• Inside project root create folder ./test
  • Create REST Client test file ./test/world.http
    @host = http://localhost:4004
    # @name helloWorld
    GET {{host}}/say/hello(to='world')
    # @name echo
    POST {{host}}/say/echo
    Content-Type: application/json
        "to": "r2d2"
  • Add new service handler to ./srv/world.cds
    service say {
        action echo(to: String) returns String;
  • Implement service handler ./srv/world.js
    module.exports = (say) => {
        say.on('echo', req => `echo > ${}!`)
  • Test GET and POST service using ./test/world.http
  • Add extension using CTRL+SHIFT+P > Configure Recommended Extensions (Workspace Folder)
    "recommendations": [

Add Deployment Information

Add SAP BTP deployment information and deploy the service to your trial account.

  • Check, if Cloud MTA Build Tool version 1.1.1 is available mbt -v
  • If not installed, add it globally using npm install -g mbt
  • Add MTA development descriptor ./mta.yaml to project root cds add mta
  • Run the MTA Build Tool mbt build -t ./
  • Got errors, see Troubleshooting guide
  • Watch ./gen folder and see generated workshop_1.0.0.mtar archive
  • Open your trial cockpit SAP BTP Cockpit (Trial)
  • Login to your SAP BTP space cf login entering API endpoint, credentials and select space
  • Deploy your first service cf deploy workshop_1.0.0.mtar
  • If you need to cleanup things later, you can undeploy to completely remove all artifacts
    cf undeploy workshop --delete-service-brokers --delete-services
  • Add script helpers to ./package.json to automate tasks
    "scripts": {
        "build": "mbt build -t ./",
        "cf:deploy": "cf deploy workshop_1.0.0.mtar",
        "cf:undeploy": "cf undeploy workshop --delete-service-brokers --delete-services",
        "cf:login": "cf login -a"

Enrich the service with a REST endpoint using destination service

  • Add destination to ./package.json before scripts section
    "cds": {
        "requires": {
                "kind": "rest",
                "credentials": {
                    "destination": "jsonplaceholder",
                    "path": "",
                    "requestTimeout": 30000
  • Add local test environment ./default-env.json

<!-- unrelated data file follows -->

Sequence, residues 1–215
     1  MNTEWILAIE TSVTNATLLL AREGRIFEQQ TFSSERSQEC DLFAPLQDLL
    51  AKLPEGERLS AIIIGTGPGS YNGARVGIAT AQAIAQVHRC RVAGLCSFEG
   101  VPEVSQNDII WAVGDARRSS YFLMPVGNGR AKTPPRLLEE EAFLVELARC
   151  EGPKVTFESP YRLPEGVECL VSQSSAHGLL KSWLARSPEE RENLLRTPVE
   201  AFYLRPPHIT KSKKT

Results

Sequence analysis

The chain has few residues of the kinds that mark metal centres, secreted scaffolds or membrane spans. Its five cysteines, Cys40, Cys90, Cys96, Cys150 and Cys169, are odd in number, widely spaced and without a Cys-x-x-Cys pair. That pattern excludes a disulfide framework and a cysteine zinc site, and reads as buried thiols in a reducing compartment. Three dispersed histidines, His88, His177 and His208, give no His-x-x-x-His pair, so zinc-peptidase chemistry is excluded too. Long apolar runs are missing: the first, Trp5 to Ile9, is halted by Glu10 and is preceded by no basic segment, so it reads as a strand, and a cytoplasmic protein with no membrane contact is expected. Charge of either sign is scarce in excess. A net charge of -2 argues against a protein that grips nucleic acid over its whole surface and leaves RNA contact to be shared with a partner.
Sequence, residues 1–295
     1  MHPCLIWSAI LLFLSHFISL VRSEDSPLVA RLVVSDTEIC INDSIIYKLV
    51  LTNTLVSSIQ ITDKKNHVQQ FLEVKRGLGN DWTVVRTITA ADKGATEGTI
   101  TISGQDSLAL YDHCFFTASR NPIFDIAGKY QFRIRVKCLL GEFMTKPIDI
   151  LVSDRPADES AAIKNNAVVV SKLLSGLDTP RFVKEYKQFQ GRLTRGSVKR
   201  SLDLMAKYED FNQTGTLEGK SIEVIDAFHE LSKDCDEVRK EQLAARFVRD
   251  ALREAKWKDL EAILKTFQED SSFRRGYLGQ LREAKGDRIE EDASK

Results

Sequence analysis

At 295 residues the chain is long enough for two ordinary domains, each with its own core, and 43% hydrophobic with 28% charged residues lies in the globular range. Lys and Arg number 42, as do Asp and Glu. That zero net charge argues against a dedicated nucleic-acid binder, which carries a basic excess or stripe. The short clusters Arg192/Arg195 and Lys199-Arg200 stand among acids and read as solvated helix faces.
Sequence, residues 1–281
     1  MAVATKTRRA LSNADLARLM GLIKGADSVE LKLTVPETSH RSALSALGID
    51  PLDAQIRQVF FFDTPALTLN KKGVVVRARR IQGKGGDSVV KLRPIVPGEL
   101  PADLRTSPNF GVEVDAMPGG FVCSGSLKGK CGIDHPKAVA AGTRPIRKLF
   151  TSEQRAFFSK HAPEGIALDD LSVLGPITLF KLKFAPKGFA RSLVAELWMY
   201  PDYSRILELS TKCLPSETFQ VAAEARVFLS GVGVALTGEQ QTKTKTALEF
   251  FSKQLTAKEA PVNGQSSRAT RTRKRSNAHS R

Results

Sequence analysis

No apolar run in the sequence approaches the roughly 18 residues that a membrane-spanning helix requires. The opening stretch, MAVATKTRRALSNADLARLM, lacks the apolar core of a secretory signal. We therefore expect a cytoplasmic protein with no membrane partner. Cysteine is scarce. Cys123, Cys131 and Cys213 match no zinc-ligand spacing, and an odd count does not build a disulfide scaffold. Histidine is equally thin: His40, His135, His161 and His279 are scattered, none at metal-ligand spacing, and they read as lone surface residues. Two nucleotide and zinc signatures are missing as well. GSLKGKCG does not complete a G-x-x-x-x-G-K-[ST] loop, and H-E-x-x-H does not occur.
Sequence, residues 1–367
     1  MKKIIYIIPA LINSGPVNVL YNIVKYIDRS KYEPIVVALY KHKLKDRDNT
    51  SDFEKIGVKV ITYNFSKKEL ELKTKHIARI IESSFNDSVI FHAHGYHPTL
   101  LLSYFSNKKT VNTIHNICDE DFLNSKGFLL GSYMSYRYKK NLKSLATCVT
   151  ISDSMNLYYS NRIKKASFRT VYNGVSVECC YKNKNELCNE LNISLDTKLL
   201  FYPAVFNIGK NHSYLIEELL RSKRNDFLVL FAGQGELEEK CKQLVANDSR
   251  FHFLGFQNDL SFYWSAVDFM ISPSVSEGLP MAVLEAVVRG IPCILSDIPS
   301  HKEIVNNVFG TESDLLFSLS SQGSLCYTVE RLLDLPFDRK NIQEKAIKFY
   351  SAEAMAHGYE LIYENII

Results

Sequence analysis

"VCAP_SERVICES": {},
        "destinations": [
                "name": "jsonplaceholder",
                "url": ""
  • Add service interface to ./srv/world.cds
    service say {
        function rest() returns String;
  • Implement rest service inside ./srv/world.js
    module.exports = (say) => {
        say.on('rest', async req => {
            const restSrv = await'API_JSONPLACEHOLDER_SRV')
            const data = await restSrv.get('/todos/1')
            console.log('data', data)
            return data.title
  • Test it in browser http://localhost:4004/say/rest())
  • Watch console output
    userId: 1, id: 1, title: 'delectus aut autem', completed: false
  • Add ./mta.yaml destination ressource dependency and inline destination
 # --------------------- SERVER MODULE ------------------------
  - name: workshop-srv
 # ------------------------------------------------------------
    type: nodejs
    path: gen/srv
      - name: workshop_xsuaa    
      - name: workshop_destination
#      - name: workshop_connectivity # add connectivity service for on-premise detsinations
      - name: srv-api      # required by consumers of CAP services (e.g. approuter)
          srv-url: ${default-url}
  - name: workshop_xsuaa
    type: org.cloudfoundry.managed-service
      path: ./xs-security.json
      service-plan: application
      service: xsuaa    
  - name: workshop_destination
    type: org.cloudfoundry.managed-service   
      service: destination
      service-plan: lite  
            existing_destinations_policy: ignore # update
              - Name: jsonplaceholder
                Type: HTTP
                Description: test REST service
                ProxyType: Internet            
                Authentication: NoAuthentication
  • Create security profile ./xs-security.json
  "xsappname": "workshop",
  "tenant-mode": "dedicated",
  "description": "Security profile of called application",
  "scopes": [
      "name": "uaa.user",
      "description": "UAA"
  "role-templates": [
      "name": "Token_Exchange",
      "description": "UAA",
      "scope-references": [
  "attributes": []
  • Build and deploy it to cloud

Domain driven design with SAP One Domain Model

Add support for SAP One Domain Model

  • Add @sap/odm package using npm install @sap/odm
  • See cookbook Domain Modeling with CDS
  • Reuse existing models and learn from SAP



For a quickstart you can follow the tutorial Build an Application End-to-End using CAP, Node.js and VS Code with the prerequisite Set Up Local Development Using VS Code to prepare your local environment.